Weedon Island Preserve nature walk reveals its beauty 05/29/10 [Last modified: Tuesday, June 1, 2010 1:43pm]
Photo reprints | Article reprints

© 2017 Tampa Bay Times

    

Join the discussion: Click to view comments, add yours

Loading...
  1. Four questions the Lightning still has to answer

    Lightning Strikes

    FORT LAUDERDALE — The Lightning made its biggest round of cuts Monday, with some of the big-named prospects heading out.

    Tampa Bay Lightning forward Steven Stamkos (91) looks on from the bench during a shift change at Lightning hockey training camp in Brandon on Monday (09/18/17). In background on right is Nikita Kucherov (86). DIRK SHADD   |   Times  

  2. Nine Florida football players, 62 felony complaints in fraud scandal

    College

    GAINESVILLE — The fraud scandal that has engulfed the University of Florida's nationally ranked football team for weeks exploded Monday with the first detailed accounts of criminal accusations that threaten to derail the Gators' season.

    Florida Gators wide receiver Antonio Callaway (81) runs the ball during the Outback Bowl in January at Raymond James Stadium. [CHARLIE KAIJO   |   Times]
  3. Where Rays shortstop Matt Duffy's lost season leads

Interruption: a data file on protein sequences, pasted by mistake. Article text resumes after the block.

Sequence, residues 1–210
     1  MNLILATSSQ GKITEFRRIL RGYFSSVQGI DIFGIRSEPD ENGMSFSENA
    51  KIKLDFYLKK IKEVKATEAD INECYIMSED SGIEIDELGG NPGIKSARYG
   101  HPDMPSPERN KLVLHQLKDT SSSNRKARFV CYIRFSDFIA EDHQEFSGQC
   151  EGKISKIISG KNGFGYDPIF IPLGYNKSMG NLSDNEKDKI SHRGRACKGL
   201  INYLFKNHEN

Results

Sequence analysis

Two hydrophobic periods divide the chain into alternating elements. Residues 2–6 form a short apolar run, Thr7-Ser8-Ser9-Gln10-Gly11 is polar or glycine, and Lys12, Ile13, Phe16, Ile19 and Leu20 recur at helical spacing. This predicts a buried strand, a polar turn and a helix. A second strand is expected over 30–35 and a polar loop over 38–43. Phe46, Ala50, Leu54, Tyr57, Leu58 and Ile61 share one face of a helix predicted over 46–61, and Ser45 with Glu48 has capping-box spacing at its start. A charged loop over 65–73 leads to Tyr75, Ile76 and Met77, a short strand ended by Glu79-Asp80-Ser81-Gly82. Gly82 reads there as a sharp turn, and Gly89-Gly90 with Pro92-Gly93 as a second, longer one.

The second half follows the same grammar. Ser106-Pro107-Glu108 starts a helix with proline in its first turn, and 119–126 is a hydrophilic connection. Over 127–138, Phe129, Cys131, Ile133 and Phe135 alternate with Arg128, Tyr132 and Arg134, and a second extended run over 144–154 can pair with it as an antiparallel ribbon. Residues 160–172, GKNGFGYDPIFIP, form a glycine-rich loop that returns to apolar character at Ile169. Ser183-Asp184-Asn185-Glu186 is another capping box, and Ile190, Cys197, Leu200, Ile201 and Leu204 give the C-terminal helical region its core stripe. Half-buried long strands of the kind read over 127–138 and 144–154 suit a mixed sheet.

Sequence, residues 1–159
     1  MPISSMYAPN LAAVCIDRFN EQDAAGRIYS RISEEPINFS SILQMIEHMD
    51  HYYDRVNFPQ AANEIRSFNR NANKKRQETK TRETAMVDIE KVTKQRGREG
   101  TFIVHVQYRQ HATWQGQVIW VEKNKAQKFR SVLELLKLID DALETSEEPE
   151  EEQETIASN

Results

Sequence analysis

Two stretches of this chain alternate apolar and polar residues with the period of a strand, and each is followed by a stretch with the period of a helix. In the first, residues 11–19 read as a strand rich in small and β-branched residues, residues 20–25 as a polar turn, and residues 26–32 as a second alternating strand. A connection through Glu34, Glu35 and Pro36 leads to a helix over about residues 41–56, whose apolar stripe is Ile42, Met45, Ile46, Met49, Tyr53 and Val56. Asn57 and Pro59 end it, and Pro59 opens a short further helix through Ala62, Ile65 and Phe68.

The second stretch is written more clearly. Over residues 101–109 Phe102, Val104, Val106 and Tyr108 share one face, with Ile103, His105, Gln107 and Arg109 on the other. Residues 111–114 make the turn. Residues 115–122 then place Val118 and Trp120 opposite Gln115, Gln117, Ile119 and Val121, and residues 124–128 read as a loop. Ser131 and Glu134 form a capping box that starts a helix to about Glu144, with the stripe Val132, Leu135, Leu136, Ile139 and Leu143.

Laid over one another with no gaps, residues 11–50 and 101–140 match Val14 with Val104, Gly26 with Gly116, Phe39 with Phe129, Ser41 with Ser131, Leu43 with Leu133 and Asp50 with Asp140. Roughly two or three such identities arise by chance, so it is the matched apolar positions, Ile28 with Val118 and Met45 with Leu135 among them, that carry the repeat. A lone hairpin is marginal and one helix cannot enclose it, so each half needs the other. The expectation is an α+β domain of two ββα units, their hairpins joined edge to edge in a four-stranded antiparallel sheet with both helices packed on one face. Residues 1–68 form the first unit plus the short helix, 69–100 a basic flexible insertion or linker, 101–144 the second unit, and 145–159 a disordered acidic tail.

The Heater

    BRADENTON — In a perfect world Matt Duffy would have been in New York on Monday with his Rays teammates enjoying the final off day of the year. Instead, he was on Field 4 at Pirate City on a sweltering afternoon, trying to restart his season.

    Rays shortstop Matt Duffy plays in his first game (since rehab was aborted) with the club's instructional league on Monday at the Pirate City baseball field and spring training complex in Bradenton [DOUGLAS R. CLIFFORD  |  Times]
  4. Vinny Lecavalier's jersey retirement will be another classic Vinny moment

    Lightning Strikes

    TAMPA — He was the face of the franchise. He was taken first overall in the 1998 NHL Draft by a franchise at the bottom. Art Williams, the nutty Tampa Bay Lightning owner at the time, proclaimed the 18-year-old from Ile Bizard, a Montreal borough, "the Michael Jordan of hockey."

    Vincent Lecavalier makes a break for the net while playing an exhibition game on Sunday (9/24/17) with the 2017 U.S. Women???‚??„?s National Team at Amalie Arena in Tampa. Lecavalier was the captain of the Tampa Bay Lightning for the 2000???‚??€œ2001 season and between the 2008???‚??€œ2013 and spent his first 14 NHL seasons with the Tampa Bay Lightning before signing with the Philadelphia Flyers.
  5. Pinellas licensing board loses support for staying independent

    Local Government

    CLEARWATER –– The Pinellas County Construction Licensing Board on Monday lost its strongest supporter for staying independent.

    State Sen. Jack Latvala, a Clearwater Republican running for governor, said Monday that he will no longer support any legislation to keep the Pinellas County Construction Licensing Board independent. This photo was taken in August. [SCOTT KEELER | Tampa Bay Times]